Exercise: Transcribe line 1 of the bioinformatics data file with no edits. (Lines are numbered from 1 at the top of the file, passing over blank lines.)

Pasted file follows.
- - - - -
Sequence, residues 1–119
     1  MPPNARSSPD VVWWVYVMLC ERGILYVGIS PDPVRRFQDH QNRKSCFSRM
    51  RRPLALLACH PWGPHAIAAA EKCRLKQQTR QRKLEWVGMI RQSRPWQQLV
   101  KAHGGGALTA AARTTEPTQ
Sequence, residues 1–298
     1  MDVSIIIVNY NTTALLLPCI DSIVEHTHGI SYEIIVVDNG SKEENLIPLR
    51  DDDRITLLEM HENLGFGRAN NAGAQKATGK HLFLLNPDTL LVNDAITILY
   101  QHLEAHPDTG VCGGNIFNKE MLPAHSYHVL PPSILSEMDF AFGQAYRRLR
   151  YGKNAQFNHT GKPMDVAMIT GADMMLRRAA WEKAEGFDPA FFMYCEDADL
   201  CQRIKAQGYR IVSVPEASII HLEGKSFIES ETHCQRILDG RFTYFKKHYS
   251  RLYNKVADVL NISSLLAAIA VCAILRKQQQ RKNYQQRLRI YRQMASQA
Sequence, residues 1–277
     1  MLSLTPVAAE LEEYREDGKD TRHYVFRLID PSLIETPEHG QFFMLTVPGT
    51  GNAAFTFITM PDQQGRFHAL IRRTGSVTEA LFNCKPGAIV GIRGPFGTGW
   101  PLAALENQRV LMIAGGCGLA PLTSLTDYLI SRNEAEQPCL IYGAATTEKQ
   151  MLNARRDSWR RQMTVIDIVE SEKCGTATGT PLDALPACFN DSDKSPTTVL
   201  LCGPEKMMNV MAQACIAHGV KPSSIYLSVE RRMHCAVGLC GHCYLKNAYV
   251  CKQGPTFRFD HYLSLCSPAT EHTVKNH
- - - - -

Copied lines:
Sequence, residues 1–119